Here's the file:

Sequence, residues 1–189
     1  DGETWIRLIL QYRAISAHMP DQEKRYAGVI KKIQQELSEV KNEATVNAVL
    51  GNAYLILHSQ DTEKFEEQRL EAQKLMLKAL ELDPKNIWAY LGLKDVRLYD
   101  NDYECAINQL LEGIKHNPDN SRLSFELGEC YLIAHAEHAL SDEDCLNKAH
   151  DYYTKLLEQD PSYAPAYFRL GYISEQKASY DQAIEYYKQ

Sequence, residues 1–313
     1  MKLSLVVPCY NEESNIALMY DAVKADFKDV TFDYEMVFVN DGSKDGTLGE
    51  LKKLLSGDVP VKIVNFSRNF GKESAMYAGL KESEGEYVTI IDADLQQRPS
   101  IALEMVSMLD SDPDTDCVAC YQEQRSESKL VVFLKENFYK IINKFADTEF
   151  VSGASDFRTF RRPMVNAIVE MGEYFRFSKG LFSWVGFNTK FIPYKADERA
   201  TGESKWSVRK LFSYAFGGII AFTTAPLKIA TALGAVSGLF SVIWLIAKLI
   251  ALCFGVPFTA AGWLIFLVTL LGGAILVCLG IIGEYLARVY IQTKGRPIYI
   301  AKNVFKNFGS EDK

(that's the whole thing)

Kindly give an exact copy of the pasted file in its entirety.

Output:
Sequence, residues 1–189
     1  DGETWIRLIL QYRAISAHMP DQEKRYAGVI KKIQQELSEV KNEATVNAVL
    51  GNAYLILHSQ DTEKFEEQRL EAQKLMLKAL ELDPKNIWAY LGLKDVRLYD
   101  NDYECAINQL LEGIKHNPDN SRLSFELGEC YLIAHAEHAL SDEDCLNKAH
   151  DYYTKLLEQD PSYAPAYFRL GYISEQKASY DQAIEYYKQ

Sequence, residues 1–313
     1  MKLSLVVPCY NEESNIALMY DAVKADFKDV TFDYEMVFVN DGSKDGTLGE
    51  LKKLLSGDVP VKIVNFSRNF GKESAMYAGL KESEGEYVTI IDADLQQRPS
   101  IALEMVSMLD SDPDTDCVAC YQEQRSESKL VVFLKENFYK IINKFADTEF
   151  VSGASDFRTF RRPMVNAIVE MGEYFRFSKG LFSWVGFNTK FIPYKADERA
   201  TGESKWSVRK LFSYAFGGII AFTTAPLKIA TALGAVSGLF SVIWLIAKLI
   251  ALCFGVPFTA AGWLIFLVTL LGGAILVCLG IIGEYLARVY IQTKGRPIYI
   301  AKNVFKNFGS EDK